Maybe Nameless was still a little drunk, Nils wondered, as he paid no attention to the other thug who was advancing more cautiously. The dwarf seemed lost in his own world, thumping out a rhythm on Tony’s ribcage. Incredibly, Tony kept his feet but he swayed and swaggered until Nameless cracked him a meaty right under the chin and he went down hard.

That was the moment the other thug leapt. Nameless turned and grabbed his wrist, staying the knife a mere hair’s breadth from his face. The dwarf swung with his other fist but the thug caught his forearm and the two were locked in a grapple. The thug’s neck veins stood out like earthworms and his face turned purple with effort. Nameless’ arms were knotted and swollen but his face was eerily calm. The thug made the mistake of looking him in the eye, clearly trying to rattle him, the way boxers did at the fights Nils’s dad took him to. It was a mistake. The man saw the effortless ease with which the dwarf held him and must have realized he was being played with.

Nils saw an orange flare out of the corner of his eye and turned to see Brau, still seated, with fire forming at the ends of his fingers. He tried to shout a warning but his mouth was dry and no sound came out. Without thinking, he drew his sword and ran the thug through the back. The man crumpled to his knees and toppled sideways to the floor. Nameless pouted, like his favorite toy had been broken.

The flames swelled around Brau’s hands, the air about them rippling. Nameless spun, overturned the table and leapt at him. Before the mage could react, Nameless had him by the wrists and shoved his flame-wrapped hands into his own face. Brau screamed as his flesh popped and sizzled, and when Nameless released him his face was a charred and weeping mess.

Cold steel touched Nils’s throat and he froze.

“That’s enough,” Ilesa said. “Back away or I bleed the boy.”

Nameless took hold of Brau by the hair and slammed his head against the wall. The wizard slid to the floor.

“There’s a touch of magic about you, lassie,” the dwarf said, advancing on her.

Nameless’ eyes smoldered and, to Nils, there was an aura about him that made him seem as hard as stone. He was like the indomitable elements outside. Right now, Nils wouldn’t have wanted to be Ilesa for all the gold in Malkuth.

”Last warning, stumpy,” she said, pressing the blade a little harder and breaking the skin.

Nils felt a trickle of blood rolling down his neck. He was shaking now, and the pressure in his bladder was getting uncontrollable. What if the dwarf didn’t care? What if he just came at her and she slit his throat to make her point? This was not a good situation. Not good at all.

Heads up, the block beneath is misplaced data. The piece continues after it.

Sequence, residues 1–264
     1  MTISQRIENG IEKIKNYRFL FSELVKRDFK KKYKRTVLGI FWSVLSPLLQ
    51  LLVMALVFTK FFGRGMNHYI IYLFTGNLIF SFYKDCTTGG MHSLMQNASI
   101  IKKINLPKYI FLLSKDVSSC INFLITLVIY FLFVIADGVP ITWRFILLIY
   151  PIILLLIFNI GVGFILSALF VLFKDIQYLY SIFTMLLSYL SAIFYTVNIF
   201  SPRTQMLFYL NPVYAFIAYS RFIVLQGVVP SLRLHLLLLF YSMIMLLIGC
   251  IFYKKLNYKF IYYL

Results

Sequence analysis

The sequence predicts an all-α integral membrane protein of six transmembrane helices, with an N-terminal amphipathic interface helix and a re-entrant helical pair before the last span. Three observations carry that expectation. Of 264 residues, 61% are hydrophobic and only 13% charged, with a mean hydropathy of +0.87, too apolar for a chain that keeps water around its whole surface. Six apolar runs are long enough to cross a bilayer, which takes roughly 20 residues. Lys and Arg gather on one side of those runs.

Nameless glowered and strode towards them. Ilesa backed away, pulling Nils by the hair as she kept him between her and the dwarf. Suddenly, she yelped and fell over, Nameless’ axe clattering to the floor with her. Nils broke free and ran to stand behind the dwarf.

Ilesa still had hold of her dagger and rolled to her feet. She retreated through the door into the porch, drawing her sword with the other hand and narrowing her eyes. Nils noticed the absence of cleavage. Clearly she preferred the flat-chested look for fighting.

Nameless continued towards her unperturbed and picked up his axe. He slapped the haft into his palm and gave a satisfied growl. Ilesa stumbled back, almost tripped over her own feet, then turned and scarpered.

“Hmm,” Nameless said, watching her go. “Nice arse for a human.”

“Don’t go there,” Nils said. “She can change shape to get what she wants.”

“Interesting.” Nameless wrung some of the moisture from his beard. “Do you think she could lose a bit of height and sprout facial hair?”

Nils frowned at him but Nameless was already on his way over to the upturned table. He picked up the two pieces of the great helm and stared at them for a moment before placing them back in his pack. He gave Jankson Brau a prod with his foot but the mage just groaned.

“Shog,” Nameless said. “I was going to ask him if he’d seen any dwarves come through here.”

Nils puffed out his chest. “They did. Told me that before you came in. I was just on my way out to tell you when you barged in and nearly ruined a bloody good piece of work. That’s what you hired me for. Professionalism, they call it.”

Nameless snorted and his eyes narrowed beneath their ledge-like brows. Nils felt an icy knot in his stomach and licked his lips so that he could carry on.

“He said a whole bunch of dwarves passed through on their way to Qlippoth. That means they must have gone to Malfen. It’s the last border town and there’s nowhere else for food and supplies within a hundred miles. Plus it stands guard over the only pass through the Farfall Mountains.”

“Good,” Nameless said, chewing on the end of his mustache. “Good, good, excellent. Coming?” He strode to the door and peered out at the roiling clouds beyond the porch. “It’s a fine day for a stroll.”

Nils scampered after him. “That wasn’t part of the deal, remember? My job was to get you to Brau, nothing more.”

“True, true,” Nameless said. “And I thank you for your service. Good. Very good. Well done.”

With that, he wandered out into the rain bellowing a tuneless song. Nils couldn’t quite catch the words, but he was sure there was something about a fat-bottomed girl and a flagon of ale.

Nils watched the dwarf disappear into the storm and then went to gather his coins and pouch. Jankson Brau stirred and muttered something. Fearing it might be a spell, Nils made a run for it.

He briefly considered going after the dwarf, but then common sense got the better of him and he turned east for the long trek home to New Jerusalem.